New weapon in fight against tax evasion

A recent high-profile tax case involved football star Lionel Messi. Picture: AP

A recent high-profile tax case involved football star Lionel Messi. Picture: AP

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Rules on company ownership due to become law next year will increase transparency, write Emma Arcari and Alison Marshall

THERE have been many famous tax evasion cases over the years. The recent one involving footballer Lionel Messi has allegedly resulted in tax evasion of around €4m. The scheme has been described as one which routed funds via companies in a number of countries, including the UK, to avoid reporting earnings in Spain. Proceedings are ongoing and Messi and his father, Jorge Horacio, deny any wrongdoing.

In recent years, there has been a move towards cracking down on tax evasion (and avoidance) in the UK. Another phase of this movement is in progress now with the new provisions relating to transparency in company ownership and control about to come into force.

We all (at least theoretically) know about the long tradition of hiding ownership of businesses and assets through layers of companies, foreign entities and trusts. You can look on the Companies House register to see who the shareholders and directors of a company are, but you might find a lot of nominee companies and trusts listed, which lead you to more and more of the same. Your search might lead you all the way to the Cayman Islands or Gibraltar, but the true person in control could be living next door.

This not only facilitates tax evasion in some cases, but also provides a lack of transparency and accountability in terms of corporate governance and responsibility.

Some early steps were taken in this direction a few years ago when the law imposed a requirement for each company to have at least one natural person as a director. Previously you could have companies holding all the directorial posts. The next significant phase is scheduled for next year and establishes a central public register of persons with significant control of companies (the PSC Register). If organised properly and enforced effectively, this could make significant progress in tackling the problems of such hidden ownership.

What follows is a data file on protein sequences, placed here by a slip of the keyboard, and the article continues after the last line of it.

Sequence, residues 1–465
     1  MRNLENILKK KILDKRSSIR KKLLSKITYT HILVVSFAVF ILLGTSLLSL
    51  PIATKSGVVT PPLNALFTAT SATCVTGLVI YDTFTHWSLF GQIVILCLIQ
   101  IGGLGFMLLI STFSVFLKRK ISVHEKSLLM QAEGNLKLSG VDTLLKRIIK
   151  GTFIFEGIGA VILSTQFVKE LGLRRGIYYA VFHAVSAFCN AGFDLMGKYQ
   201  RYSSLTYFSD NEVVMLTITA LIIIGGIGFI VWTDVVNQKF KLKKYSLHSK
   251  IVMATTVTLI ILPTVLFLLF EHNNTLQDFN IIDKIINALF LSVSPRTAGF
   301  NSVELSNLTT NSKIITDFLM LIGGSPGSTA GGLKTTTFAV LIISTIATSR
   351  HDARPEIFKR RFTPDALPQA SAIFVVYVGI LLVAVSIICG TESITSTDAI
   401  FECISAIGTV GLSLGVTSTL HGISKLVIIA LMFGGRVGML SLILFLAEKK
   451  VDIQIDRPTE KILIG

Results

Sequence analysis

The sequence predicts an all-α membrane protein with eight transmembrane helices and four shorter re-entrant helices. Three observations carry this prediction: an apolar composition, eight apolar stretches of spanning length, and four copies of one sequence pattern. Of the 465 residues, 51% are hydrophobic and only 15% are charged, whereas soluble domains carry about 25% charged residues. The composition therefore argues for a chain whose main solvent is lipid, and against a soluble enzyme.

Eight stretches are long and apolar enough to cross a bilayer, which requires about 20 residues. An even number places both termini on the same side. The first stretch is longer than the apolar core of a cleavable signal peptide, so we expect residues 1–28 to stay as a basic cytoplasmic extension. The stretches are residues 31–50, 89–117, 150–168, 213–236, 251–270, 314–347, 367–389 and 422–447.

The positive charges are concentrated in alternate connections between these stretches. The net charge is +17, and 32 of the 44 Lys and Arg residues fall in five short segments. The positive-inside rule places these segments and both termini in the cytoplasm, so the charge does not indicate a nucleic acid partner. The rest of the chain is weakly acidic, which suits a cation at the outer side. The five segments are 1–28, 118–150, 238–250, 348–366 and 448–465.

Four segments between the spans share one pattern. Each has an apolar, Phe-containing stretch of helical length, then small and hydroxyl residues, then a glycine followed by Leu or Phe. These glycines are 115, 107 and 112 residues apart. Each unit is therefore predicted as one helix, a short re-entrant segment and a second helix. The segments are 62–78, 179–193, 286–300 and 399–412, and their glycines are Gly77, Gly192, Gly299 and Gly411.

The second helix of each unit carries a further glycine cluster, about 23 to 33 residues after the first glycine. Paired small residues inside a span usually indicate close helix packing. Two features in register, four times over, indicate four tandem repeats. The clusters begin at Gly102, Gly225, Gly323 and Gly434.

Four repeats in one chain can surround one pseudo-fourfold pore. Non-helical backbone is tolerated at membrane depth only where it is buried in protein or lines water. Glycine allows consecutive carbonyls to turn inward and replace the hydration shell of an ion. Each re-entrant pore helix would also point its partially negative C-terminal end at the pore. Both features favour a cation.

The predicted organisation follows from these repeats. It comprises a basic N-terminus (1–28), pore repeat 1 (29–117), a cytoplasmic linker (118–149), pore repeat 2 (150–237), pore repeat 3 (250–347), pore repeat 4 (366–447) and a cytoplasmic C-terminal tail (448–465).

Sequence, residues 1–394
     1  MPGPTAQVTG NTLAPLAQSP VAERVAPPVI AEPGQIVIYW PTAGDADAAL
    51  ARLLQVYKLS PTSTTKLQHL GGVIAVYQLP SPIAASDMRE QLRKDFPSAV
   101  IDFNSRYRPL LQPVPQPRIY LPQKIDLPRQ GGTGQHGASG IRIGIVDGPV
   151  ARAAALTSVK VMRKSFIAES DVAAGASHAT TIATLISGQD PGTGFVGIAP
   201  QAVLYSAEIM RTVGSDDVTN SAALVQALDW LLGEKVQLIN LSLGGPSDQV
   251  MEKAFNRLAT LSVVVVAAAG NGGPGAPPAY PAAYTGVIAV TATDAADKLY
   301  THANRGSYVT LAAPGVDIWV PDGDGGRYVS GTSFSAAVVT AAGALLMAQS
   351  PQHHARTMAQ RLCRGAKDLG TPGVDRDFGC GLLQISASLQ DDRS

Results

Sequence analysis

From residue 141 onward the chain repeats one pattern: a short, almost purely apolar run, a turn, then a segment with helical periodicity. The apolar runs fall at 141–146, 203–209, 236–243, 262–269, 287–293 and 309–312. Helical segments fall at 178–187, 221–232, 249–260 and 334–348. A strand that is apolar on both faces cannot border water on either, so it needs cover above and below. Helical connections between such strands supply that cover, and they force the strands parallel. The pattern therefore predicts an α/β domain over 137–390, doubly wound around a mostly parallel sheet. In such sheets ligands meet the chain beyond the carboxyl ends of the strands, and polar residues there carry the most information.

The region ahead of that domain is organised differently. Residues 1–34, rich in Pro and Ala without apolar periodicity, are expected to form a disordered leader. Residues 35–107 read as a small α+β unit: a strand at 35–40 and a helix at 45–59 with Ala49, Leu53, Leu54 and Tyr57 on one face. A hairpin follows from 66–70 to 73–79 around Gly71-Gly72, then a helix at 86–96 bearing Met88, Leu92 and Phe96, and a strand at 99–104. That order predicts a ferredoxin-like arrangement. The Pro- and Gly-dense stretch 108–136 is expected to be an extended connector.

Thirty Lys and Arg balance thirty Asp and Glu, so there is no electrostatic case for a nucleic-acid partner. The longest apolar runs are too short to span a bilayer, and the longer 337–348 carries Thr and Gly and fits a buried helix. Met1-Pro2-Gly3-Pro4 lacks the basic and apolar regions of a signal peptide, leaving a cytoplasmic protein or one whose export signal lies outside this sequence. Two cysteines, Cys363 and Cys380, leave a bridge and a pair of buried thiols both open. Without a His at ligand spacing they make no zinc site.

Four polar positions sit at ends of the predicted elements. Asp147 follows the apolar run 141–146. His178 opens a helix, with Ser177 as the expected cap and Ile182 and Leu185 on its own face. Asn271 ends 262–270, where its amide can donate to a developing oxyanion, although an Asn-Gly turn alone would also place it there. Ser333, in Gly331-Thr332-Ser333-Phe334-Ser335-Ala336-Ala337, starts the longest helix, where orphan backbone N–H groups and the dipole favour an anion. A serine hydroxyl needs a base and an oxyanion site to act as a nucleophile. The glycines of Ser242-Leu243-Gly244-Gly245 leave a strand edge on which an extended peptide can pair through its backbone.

The key to how this will work is in the definitions. A PSC is defined as an individual who (either on their own or with others) meets one or more of certain conditions. The conditions include:

• owning directly or indirectly more than 25 per cent of the shares or voting rights;

• holding the right directly or indirectly to appoint or remove a majority of the board of directors;

• having the right to exercise, or actually exercising, significant control or influence over the company; and

• where trustees of a trust or the members of a firm are not legal persons, meeting one of the aforementioned conditions in their capacity as such or as they would do if they were individuals, and the individual has the right to exercise or actually exercises significant control or influence over the activities of that trust or firm.

Companies will be required to keep an internal register of persons with significant control from April 2016. More importantly, from June 2016, firms will be required to file such information at Companies House to form the public PSC Register.

The new law provides for enforcement. Companies face duties of investigating, obtaining and updating information on PSCs. If there is a failure to take the relevant steps, an offence is committed by the company and every officer in default (punishable by imprisonment or a fine).

This is just one of a series of measures, which also includes the abolition of bearer shares and corporate directors, designed to keep pulling in the direction of transparency. It is another door slammed in the face of those who abuse the system and every such door that is closed makes it a little bit harder.

Emma Arcari is an Associate & Alison Marshall is a Partner with CCW Business Lawyers www.ccwlegal.co.uk

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